Idea planted in 1972 transforms Andro village in Manipur into big success story of conservation

In 1972, a Bachelor of Social Work graduate in Manipur who ran a volunteer training centre to educate villagers on preserving the environment decided to leave a legacy that they could look back someday as their accomplishment.

Manipur got statehood in 1972, and the young man, H Surendra Kumar, had just returned to the north-eastern state after receiving education from Visva Bharati in Shantiniketan, West Bengal. Eager to use his skill and knowledge, Mr Kumar sought help from young bureaucrats who had just been appointed in the state government in various capacities on how they could develop some villages in Manipur.

The 1970s was also a time of trouble in the state, with communist-leaning insurgency breaking out against the Indian government and its military. Hundreds of young men joined armed groups in protest against the merger of the then Manipur kingdom with India after 1947.

Mr Kumar faced a difficult task as luxuries like electricity and paved roads were not available. Manipur today has changed a lot and most of the towns are fully urbanised with wide roads and concrete buildings, but in those days the terrain and the thick forests hindered mobility and communication between villages.

One of the villages Mr Kumar found interesting was called Andro, pronounced as “aan-dro” in Meiteilon, the language of the Metei people of Manipur who were converted into Vaishnavite Hindus by a priest who came from Bengal in the 14th century.

Located 24 kilometres east of state capital Imphal, Andro had thick forest cover and a lake-like pond that the villagers considered sacred. The villagers prevented outsiders from entering the forest; however, Mr Kumar convinced them that he could help them in preserving the place.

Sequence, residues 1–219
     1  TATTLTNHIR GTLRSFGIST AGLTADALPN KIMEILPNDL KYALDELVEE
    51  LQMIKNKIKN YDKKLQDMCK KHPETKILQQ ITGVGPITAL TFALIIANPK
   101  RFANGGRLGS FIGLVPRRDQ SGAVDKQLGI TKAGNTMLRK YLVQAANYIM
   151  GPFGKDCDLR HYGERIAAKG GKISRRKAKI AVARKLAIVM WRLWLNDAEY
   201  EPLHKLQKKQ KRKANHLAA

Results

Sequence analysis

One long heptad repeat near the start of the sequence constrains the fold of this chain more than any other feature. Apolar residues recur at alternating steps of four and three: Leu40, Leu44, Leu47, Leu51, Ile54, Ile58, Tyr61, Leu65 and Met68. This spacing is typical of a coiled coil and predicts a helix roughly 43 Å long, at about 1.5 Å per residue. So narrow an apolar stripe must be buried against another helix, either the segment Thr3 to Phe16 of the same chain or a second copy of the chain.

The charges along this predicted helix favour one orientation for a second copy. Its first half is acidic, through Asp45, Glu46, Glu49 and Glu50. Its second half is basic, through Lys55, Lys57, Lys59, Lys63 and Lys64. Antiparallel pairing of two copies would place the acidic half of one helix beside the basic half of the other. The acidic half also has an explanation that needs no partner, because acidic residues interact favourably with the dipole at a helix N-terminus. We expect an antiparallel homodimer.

“We identified 11 villages around Imphal for development and preservation. Andro was one of them,” said A Nabachandra, who had just joined the government’s social welfare department as a junior officer in the early 1970s.
“Mr Kumar wanted to know from where we could get help and funding,” said the retired officer who went on to become the director of the social welfare department in 1995. He retired in 2010.

Mr Kumar somehow drafted a long proposal and tried his luck by sending it to anti-poverty non-profit group Oxfam in the UK. To his surprise, they responded. Based on the strength of his proposal, Oxfam sent some engineers and even sociologists to this relatively unknown part of the world then and agreed to fund the village development and preservation project.

“The state government was not involved,” Mr Nabachandra said. “We worked hard with the foreign engineers and Mr Kumar.”

With the funding, the sacred lake-like pond in Andro was made bigger and landscaping was done. Long before the government started cleanliness programmes, Andro was on its way of practising it.
“I was involved in the project for two years. I got Rs 62 for my work, not a small sum at that time,” Mr Nabachandra said.
Remembering his friend, the retired officer said Mr Kumar was inspired by the rural development work of anti-Emergency leader Jayaprakash Narayan.

Today, Andro is a beautiful village with several ponds, manicured gardens and forests. It has become the go-to venue for picnics and local festivals. The place is protected by the villagers. Andro is a big success story of how conservation and consumption can be balanced to benefit both the environment and people.

When journey basket visited Andro in March 2019, Mr Nabachandra, now 72 and frail, sat quietly by the pond, staring in the distance, in all likelihood thinking about the days he and his young friends struggled to lay the groundwork at a tiny, forgotten place at a time when insurgency was beginning and there were no luxuries.

Follow journey basket on Facebook and Instagram